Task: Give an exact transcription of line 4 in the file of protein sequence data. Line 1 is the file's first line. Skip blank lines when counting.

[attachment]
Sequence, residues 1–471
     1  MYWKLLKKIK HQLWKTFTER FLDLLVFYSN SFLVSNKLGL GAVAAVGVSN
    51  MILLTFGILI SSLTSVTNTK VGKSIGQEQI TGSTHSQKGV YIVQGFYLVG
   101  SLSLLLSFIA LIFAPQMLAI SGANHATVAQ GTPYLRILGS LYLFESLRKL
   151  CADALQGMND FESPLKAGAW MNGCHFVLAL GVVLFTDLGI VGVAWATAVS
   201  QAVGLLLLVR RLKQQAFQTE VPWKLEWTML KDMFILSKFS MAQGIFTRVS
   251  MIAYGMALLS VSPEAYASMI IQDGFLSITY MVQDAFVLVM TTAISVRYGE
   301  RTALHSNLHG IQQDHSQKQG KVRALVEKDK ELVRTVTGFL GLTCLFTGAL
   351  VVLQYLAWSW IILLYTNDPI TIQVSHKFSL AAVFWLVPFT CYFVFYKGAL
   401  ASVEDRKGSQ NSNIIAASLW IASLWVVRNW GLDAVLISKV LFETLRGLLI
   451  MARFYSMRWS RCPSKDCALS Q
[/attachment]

   101  SLSLLLSFIA LIFAPQMLAI SGANHATVAQ GTPYLRILGS LYLFESLRKL